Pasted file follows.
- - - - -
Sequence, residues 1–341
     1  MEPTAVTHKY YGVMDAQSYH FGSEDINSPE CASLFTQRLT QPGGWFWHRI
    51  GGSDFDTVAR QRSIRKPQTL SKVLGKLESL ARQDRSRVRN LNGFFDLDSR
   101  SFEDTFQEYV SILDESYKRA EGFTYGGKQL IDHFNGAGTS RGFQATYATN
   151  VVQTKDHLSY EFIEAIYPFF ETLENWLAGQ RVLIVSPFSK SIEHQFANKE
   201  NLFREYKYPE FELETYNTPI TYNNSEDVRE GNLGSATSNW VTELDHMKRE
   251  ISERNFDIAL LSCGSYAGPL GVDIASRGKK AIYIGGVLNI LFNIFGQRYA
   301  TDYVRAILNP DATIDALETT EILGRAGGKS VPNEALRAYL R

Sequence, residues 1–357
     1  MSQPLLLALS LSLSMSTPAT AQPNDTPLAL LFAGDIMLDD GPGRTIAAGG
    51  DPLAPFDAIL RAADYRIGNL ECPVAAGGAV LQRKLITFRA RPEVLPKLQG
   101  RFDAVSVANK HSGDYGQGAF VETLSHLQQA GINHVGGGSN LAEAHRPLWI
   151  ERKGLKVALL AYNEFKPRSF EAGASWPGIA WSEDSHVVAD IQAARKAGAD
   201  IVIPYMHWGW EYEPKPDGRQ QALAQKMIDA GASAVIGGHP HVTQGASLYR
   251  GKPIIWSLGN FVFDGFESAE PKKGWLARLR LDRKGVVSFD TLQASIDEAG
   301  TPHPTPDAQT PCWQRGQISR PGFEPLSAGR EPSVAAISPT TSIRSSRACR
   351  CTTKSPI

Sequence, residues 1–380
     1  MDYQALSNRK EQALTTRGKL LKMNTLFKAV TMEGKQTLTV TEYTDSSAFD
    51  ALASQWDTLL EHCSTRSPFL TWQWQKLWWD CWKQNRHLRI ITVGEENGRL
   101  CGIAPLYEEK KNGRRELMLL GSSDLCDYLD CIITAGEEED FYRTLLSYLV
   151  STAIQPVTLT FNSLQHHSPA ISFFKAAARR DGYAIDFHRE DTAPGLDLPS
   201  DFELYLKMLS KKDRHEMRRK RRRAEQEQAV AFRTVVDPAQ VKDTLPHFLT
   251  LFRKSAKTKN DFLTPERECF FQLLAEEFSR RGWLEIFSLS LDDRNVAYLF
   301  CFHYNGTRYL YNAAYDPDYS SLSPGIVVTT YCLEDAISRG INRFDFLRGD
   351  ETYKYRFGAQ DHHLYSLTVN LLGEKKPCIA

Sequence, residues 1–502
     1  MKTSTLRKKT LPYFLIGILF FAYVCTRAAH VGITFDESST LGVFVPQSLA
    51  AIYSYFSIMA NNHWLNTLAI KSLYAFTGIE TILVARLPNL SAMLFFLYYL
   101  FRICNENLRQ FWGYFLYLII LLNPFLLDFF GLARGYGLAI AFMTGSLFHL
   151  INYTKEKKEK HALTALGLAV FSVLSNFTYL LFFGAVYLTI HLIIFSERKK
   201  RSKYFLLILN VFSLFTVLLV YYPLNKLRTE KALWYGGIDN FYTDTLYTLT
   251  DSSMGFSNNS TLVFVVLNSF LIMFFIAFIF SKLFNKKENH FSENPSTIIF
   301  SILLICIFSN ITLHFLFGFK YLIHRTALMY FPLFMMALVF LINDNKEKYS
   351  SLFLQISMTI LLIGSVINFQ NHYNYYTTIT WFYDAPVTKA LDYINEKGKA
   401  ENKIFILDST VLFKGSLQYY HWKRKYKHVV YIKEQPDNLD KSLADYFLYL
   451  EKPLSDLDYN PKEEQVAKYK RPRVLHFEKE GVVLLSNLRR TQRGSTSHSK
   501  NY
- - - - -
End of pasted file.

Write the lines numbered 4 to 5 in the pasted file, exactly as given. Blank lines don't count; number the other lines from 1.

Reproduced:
   101  SFEDTFQEYV SILDESYKRA EGFTYGGKQL IDHFNGAGTS RGFQATYATN
   151  VVQTKDHLSY EFIEAIYPFF ETLENWLAGQ RVLIVSPFSK SIEHQFANKE